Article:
TMG-L ArchivesArchiver > TMG > 2003-07 > 1058020103
From: "Linda C. Koehler" <>
Subject: [TMG] Re: Quaker dates redux
Date: Sat, 12 Jul 2003 10:28:29 -0400
And, as Patt says, the reason we need both dates is so that we all have an
opportunity to check the interpretation of the date.
"7th day of 9th month, 1717" (7 Oct 1717)
So, as we look at her example, we would ask ourselves if she meant to write
"8th month" or did she mean "Nov" in interpreting which month it was :>).
At 03:05 AM 7/12/2003 -0600, you wrote:
>TMG-D Digest Volume 03 : Issue 1249
> #8 Re: [TMG] Quaker dates redux 
>Date: Sat, 12 Jul 2003 01:26:06 EDT
>Subject: Re: [TMG] Quaker dates redux
>Content-type: text/plain; charset=US-ASCII
>In a message dated 7/11/2003 5:06:04 PM Pacific Standard Time,
> > What is the best way to enter Quaker dates? Do I quote them until 1753 and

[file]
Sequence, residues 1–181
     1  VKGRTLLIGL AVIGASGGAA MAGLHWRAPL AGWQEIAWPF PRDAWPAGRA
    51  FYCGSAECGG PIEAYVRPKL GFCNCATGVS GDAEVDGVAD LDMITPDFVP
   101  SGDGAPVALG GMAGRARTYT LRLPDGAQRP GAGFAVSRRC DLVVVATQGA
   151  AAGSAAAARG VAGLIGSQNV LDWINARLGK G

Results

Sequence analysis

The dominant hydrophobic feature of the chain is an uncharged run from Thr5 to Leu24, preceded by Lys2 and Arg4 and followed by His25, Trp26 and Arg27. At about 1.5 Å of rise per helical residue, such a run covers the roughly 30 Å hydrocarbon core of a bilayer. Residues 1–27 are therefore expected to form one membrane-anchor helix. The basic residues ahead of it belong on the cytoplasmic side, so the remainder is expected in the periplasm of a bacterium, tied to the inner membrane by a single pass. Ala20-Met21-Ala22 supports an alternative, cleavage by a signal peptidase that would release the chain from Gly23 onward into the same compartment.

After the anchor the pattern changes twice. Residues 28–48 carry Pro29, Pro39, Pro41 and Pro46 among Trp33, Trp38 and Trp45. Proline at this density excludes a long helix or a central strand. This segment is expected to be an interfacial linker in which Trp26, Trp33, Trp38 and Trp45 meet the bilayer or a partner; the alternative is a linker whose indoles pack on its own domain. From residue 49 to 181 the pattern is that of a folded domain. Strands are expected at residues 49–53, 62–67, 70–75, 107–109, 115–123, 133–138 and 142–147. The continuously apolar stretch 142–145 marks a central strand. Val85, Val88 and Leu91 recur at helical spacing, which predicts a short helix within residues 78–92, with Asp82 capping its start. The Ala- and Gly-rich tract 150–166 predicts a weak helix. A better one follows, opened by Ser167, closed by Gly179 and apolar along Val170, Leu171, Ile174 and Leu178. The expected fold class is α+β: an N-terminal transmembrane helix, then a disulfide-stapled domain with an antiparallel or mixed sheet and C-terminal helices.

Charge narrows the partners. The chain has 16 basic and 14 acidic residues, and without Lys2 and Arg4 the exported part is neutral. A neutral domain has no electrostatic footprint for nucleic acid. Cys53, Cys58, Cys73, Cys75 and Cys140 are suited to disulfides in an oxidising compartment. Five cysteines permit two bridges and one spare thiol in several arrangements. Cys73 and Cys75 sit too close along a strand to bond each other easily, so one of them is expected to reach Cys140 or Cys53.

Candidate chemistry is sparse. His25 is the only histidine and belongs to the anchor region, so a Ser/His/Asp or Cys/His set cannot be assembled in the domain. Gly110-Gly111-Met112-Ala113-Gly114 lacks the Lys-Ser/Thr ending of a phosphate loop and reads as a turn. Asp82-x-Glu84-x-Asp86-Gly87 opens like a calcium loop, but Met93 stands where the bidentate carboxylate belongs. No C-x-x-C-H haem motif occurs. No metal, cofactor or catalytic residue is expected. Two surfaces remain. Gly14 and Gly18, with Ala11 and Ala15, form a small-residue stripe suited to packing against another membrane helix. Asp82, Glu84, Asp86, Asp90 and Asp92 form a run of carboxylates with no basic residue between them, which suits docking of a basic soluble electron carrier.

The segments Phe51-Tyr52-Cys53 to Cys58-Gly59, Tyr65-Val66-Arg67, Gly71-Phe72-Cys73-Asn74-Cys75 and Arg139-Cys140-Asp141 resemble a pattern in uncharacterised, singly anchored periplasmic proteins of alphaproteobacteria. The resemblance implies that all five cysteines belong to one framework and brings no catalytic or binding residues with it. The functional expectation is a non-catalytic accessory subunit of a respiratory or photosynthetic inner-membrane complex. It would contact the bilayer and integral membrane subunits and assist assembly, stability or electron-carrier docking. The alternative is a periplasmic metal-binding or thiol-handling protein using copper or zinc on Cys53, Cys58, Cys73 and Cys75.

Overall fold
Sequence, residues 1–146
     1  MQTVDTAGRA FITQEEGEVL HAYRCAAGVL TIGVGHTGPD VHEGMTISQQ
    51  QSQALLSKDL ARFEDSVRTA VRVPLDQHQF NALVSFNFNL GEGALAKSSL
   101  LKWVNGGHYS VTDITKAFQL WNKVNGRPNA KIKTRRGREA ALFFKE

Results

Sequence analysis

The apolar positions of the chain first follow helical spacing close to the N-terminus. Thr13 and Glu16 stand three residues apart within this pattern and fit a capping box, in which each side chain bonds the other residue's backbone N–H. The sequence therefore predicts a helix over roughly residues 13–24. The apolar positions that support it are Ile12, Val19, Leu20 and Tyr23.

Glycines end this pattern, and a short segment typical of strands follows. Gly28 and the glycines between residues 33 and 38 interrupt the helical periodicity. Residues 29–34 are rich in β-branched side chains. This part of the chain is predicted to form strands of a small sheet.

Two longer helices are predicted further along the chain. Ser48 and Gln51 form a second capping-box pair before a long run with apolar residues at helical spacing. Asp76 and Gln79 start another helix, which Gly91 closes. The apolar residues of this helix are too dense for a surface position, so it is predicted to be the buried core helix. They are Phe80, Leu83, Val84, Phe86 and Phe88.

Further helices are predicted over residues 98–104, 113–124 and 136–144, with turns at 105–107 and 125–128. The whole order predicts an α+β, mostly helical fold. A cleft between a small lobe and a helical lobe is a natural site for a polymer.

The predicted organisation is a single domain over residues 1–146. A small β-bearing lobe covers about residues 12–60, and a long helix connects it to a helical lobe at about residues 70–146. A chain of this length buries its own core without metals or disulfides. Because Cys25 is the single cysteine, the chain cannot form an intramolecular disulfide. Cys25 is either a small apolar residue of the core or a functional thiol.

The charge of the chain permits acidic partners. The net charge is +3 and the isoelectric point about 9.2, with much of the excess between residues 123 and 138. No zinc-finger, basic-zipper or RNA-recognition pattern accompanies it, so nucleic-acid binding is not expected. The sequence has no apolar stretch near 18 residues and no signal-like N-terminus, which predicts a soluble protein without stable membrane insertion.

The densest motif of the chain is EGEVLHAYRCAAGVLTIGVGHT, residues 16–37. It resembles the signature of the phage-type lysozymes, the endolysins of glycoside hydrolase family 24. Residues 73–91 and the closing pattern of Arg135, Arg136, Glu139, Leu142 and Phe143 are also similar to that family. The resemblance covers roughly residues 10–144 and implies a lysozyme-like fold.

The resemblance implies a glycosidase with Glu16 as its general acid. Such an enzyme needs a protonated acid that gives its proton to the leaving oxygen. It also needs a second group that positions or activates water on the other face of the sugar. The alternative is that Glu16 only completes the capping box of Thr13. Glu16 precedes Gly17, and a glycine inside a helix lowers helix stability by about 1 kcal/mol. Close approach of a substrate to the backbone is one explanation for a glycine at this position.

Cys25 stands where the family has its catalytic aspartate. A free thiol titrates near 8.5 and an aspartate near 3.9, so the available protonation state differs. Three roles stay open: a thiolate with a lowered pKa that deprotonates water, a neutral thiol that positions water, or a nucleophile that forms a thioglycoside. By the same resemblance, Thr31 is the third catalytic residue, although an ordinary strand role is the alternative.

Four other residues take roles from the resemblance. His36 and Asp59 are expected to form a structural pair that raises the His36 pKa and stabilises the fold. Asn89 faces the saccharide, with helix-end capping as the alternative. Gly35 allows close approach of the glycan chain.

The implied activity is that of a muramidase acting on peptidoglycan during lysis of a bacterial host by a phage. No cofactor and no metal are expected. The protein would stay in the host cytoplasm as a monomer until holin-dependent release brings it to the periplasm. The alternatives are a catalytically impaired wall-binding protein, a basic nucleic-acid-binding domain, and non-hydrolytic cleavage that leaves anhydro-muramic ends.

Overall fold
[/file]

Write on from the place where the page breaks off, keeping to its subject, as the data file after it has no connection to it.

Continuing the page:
> > then jump to standardized form or do I keep quoteing (how do you spell
> > quoteing?) them so the reader knows that these are righteous dates? TMG
> > 5.07 hates my freeform dates.
>I have a special sentence for Quaker dates. You can set this up as an
>additional tag or as a role in your regular birth tag.
>My sentence is:
>[P] was born <[M1]> <([D[)> <[L]> <[M2]>
>my memo reads
>on the "7th day of 9th month, 1717"||as recorded at the Falls Monthly Meeting
>This would print e.g.
>He was born on the "7th day of 9th month, 1717" (7 Oct 1717) as recorded at
>the Falls Monthly Meeting.
>This givesthe reader how the birth was actually recorded (or as I found it
>recorded) and an interpretation of the date in today's time.
>You can do that for deaths and marriages.
>Using this you can record the date as a regular date and still show the date
>as you saw it.
|[TMG] Re: Quaker dates redux by "Linda C. Koehler" <>|